Now in his second decade as a recording artist, Steve Earle is one of America's most acclaimed and respected singer-songwriters. He is also one of the more prolific. The latest result is Sidetracks, a new 13-song collection of previously-unreleased music.
Of the 13 songs on Sidetracks, seven are cover versions and two are instrumentals, leaving only four examples of Steve Earle's way with words and music. The disc opens with Some Dreams, a song written for the new baseball movie The Rookie.
Steve Earle wrote the song Some Dreams after reading the script for the movie The Rookie. The film is about Jimmy Morris, who in his late-30s discovered he could throw a baseball more than 157 kilometers an hour. Even more amazing is the fact he then signed on and pitched for two seasons in the major leagues.
Other soundtrack cuts include Open Your Window from Pay it Forward, Me And the Eagle, from The Horse Whisperer, and an alternate take of Dead Man Walking's Ellis Unit One. The version of the song that was included on the film soundtrack was a solo one. Another take features gospel greats The Fairfield Four on background vocals.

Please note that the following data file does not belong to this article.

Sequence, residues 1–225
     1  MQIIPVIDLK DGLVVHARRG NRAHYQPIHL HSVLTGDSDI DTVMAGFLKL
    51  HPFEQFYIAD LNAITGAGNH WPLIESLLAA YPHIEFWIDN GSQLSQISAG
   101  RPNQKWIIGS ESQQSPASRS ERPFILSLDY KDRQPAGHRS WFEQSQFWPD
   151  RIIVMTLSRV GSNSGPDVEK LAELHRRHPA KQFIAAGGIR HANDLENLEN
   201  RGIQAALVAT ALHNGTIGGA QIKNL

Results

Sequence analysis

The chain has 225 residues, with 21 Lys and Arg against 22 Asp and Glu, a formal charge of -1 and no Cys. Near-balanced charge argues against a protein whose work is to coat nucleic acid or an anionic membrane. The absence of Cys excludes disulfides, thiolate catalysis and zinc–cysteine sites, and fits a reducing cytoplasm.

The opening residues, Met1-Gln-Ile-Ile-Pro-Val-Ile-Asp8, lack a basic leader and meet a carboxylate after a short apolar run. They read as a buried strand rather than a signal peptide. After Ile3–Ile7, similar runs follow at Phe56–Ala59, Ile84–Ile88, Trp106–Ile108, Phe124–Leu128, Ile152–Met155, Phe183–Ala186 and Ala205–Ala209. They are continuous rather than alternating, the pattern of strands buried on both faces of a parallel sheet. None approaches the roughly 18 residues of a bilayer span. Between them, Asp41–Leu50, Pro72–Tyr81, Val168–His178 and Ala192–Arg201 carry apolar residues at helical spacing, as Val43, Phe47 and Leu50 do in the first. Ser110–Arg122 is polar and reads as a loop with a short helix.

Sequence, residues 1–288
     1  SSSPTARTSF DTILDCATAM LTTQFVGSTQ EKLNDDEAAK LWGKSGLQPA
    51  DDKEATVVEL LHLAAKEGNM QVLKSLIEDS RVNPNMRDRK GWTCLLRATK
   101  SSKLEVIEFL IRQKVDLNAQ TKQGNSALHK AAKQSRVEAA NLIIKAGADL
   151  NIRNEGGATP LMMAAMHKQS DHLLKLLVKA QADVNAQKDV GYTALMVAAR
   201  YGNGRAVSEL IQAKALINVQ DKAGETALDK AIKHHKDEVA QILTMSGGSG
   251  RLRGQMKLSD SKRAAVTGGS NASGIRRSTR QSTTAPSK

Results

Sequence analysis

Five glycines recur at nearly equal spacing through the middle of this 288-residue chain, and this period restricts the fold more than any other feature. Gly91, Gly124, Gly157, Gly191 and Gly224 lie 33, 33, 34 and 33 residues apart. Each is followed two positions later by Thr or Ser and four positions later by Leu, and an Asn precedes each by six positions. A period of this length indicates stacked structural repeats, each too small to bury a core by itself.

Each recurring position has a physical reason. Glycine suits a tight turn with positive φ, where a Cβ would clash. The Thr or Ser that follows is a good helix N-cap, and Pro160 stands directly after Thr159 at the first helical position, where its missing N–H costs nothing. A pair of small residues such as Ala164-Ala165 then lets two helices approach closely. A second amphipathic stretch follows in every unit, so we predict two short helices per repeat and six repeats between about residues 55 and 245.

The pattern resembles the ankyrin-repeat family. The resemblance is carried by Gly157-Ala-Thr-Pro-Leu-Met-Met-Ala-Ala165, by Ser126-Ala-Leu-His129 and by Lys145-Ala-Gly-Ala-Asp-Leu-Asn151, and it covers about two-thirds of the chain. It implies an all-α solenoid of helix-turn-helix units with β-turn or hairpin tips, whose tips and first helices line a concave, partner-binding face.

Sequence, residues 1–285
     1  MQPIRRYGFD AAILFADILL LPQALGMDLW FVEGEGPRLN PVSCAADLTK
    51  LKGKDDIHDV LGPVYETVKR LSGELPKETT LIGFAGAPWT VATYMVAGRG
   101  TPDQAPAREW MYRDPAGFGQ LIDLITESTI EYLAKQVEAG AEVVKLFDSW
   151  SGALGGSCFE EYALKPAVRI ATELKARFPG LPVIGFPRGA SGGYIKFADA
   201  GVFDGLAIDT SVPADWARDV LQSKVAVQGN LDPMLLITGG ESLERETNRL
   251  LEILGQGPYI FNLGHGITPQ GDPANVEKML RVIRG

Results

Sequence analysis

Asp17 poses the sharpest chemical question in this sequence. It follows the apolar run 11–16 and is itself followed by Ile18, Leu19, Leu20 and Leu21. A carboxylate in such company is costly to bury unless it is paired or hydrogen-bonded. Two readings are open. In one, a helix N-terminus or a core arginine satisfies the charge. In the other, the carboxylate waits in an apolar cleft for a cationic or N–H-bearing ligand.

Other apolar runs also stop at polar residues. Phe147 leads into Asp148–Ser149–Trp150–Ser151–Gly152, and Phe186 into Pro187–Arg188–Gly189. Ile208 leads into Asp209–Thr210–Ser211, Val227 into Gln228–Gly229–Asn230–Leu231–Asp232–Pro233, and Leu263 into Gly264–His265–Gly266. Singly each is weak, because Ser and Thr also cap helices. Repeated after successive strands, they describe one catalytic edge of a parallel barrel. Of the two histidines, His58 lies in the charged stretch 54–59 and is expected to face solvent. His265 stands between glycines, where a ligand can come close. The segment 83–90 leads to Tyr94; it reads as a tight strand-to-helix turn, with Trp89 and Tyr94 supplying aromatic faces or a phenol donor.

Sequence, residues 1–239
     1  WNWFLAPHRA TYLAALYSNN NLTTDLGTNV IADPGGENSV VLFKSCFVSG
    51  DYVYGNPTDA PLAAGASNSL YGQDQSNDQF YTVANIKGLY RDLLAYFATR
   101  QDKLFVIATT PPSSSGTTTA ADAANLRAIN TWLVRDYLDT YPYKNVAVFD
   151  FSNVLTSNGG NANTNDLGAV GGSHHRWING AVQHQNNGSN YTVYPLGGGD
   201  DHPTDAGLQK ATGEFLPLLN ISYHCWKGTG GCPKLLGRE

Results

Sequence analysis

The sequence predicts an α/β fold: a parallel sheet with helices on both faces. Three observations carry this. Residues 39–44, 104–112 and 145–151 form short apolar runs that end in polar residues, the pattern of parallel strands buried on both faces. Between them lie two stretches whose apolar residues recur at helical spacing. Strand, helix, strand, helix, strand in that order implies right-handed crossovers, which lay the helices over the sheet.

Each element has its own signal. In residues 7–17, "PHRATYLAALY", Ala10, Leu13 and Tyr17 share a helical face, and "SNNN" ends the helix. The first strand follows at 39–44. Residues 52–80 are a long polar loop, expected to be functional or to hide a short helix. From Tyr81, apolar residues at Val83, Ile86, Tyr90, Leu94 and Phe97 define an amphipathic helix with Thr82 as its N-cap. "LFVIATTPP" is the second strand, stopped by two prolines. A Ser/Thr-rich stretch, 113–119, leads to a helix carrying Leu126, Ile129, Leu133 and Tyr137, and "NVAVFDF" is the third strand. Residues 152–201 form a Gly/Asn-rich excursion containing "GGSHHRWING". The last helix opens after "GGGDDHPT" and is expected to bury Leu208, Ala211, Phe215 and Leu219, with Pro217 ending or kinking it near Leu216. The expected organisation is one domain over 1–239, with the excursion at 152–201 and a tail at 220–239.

Steve Earle's music has always been hard to categorize. In the strictest sense, Steve Earle isn't a country artist. He's a roots rocker. He is a roots rocker. While his albums were released and marketed out of Nashville, his music was much harder than the 1980s-style country, and had more of a rock edge. That sound, combined with his unwillingness to conform to the rules meant that he never broke through into the mainstream.
Instead, he cultivated a dedicated cult following, drawing from both the country and rock audiences. Toward the early '90s, his career was thrown off track by personal problems and substance abuse. But in the mid-'90s, he re-emerged stronger and healthier. After releasing a successful bluegrass album with The Del McCoury band, Steve Earle began touring and recording with his own roots band "The Bluegrass Dukes," featuring Tim O'Brien and Darrell Scott. Sidetracks features three songs performed with the group, including Lowell George's Willin'.
It's not often that a rarities package like Sidetracks stands up on it's own, but that is the case here. Almost every track is a hidden or lost gem, showing the versatility that is often overlooked when considering Steve Earle's work. For too many years, the public has dwelled upon his time in prison and his troubles with drug addiction, rather than his role as a modern-day troubadour.
The two instrumentals on Sidetracks were intended for inclusion on Steve's 2000 release Transcendental Blues. One was recorded with The Bluegrass Dukes. The other, Dominick Street, was recorded in Dublin, Ireland, with Sharon Shannon and her band, The Woodchoppers. Steve Earle describes the song as "the sound of joy."